Archive for August, 2006

On being “smart” and building neural connections

Your questions 

- Patricia: Is it possible to improve intelligence and become “smarter” and what does it really mean to be “smarter”?

- Thomas: What could I do to systematicly create more and more neural connections (increase IQ)?

Dr. Gamon responds:

As we age, our brains accumulate an ever larger collection of patterns. This gives us a kind of mental quickness that compensates for the slowing of processing speed. Instead of having to piece together the pattern bit by bit from scratch by associating individual pieces of data, you need only a few pieces of data to make you realize that they fit a pattern you already know, much the way a few bars of melody are all you need to recognize an entire song.

The more experience we accumulate, the more of these patterns we hold in our brains, and the less effort we have to make to piece together new pieces of data in new ways. With that comes a danger. We get lazy. It’s a lot easier to recognize a pattern than to piece the pattern together in the first place.

It also happens that we become limited by the patterns we accumulate in our brains. Instead of having new insights – new patterns – we tend to assume that old patterns are sufficient to handle new data. Maybe in some cases they are, but maybe in some cases we would piece together new patterns if only we were open to the idea that the old patterns might not be all there is.So on the one hand, we have a richer array of patterns to draw on in processing information and figuring things out, and we can come up with creative insights by making connections between patterns that we might at first had thought were completely different. (That’s what metaphors are.)

But one thing we have to guard against as we age is a loss of mental flexibility. Mental flexibility – the ability to switch rapidly between two things at once, or change cognitive horses in mid-stream, or see old things in a brand-new way – naturally tends to decline as we age. So it’s important to do more than just rely on old familiar patterns as we get older. The more patterns we have, the easier it is to get away with relying on them, but the more important it is that we do MORE than just rely on them.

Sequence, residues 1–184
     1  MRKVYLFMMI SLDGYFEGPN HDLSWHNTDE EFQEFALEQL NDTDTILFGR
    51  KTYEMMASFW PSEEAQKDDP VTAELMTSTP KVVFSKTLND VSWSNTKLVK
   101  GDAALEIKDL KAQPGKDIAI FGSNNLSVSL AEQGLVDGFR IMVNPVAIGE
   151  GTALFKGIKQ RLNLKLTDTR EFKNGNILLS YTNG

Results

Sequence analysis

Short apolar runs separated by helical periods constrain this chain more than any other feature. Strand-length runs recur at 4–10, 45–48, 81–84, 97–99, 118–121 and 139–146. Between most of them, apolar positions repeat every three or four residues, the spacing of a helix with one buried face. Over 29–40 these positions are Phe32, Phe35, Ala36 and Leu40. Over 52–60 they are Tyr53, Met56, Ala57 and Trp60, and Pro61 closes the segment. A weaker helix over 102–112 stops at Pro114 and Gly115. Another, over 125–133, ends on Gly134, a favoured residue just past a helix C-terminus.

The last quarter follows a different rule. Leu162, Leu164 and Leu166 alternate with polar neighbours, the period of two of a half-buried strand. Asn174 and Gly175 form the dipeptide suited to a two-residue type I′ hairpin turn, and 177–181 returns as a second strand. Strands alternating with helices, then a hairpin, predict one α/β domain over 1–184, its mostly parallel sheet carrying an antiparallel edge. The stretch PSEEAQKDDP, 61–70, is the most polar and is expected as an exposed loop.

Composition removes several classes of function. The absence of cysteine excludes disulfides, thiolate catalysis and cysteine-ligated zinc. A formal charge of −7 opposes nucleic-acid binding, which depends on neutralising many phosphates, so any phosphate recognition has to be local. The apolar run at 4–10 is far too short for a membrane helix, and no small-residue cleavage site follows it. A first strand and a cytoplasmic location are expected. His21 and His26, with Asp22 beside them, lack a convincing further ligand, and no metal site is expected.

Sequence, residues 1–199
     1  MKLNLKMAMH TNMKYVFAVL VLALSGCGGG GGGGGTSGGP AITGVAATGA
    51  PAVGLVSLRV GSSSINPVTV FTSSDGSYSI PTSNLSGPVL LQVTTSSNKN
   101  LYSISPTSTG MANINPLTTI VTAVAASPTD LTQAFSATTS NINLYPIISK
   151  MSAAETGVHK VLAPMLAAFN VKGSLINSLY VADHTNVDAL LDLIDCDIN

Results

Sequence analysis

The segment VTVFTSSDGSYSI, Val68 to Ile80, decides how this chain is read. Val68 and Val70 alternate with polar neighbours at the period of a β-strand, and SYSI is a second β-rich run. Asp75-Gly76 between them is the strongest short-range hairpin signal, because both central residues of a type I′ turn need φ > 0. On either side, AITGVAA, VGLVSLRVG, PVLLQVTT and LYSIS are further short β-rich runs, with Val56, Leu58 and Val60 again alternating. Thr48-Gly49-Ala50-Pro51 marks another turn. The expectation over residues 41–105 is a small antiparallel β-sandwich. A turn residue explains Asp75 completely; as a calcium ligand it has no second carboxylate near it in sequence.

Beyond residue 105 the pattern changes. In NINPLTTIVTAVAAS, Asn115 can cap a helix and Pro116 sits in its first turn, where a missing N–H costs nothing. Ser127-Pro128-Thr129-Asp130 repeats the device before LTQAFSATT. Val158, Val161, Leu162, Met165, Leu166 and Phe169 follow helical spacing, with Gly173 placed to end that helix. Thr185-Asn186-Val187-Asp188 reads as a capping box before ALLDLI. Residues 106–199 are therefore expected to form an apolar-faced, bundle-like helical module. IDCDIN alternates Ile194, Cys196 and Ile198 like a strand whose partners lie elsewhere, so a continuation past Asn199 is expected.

A part of your brain responsible for mental flexibility and really effortful problem-solving is called the prefrontal cortex, which is right up at the front of your brain behind your forehead. This is a part of your brain that tends to decline the most with age. So it’s important to do things that give this part of your brain a lot of exercise. Fortunately, it’s not hard to do it in a way that’s fun rather than just unpleasant. Doing mental arithmetic gives your prefrontal cortex a workout, but it’s not much fun. You’d need an awful lot of willpower to do a lot of mental arithmetic exercises every day, and sooner or later you’d probably just give up.

The trick is to take advantage of all those patterns without JUST relying on them. The thing you need to do is process new data in new ways, and form new patterns all the time, instead of just falling back on the old ones. This is the importance of novelty – not just doing new things with your brain, but also learning new tricks for making sure you’re not just falling back on old patterns when processing new data. So you can keep all those old songs in your mind, but learn new ones too, so your inventory grows larger every day instead of stopping in your 20s or 30s.

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Physical Fitness and Brain Fitness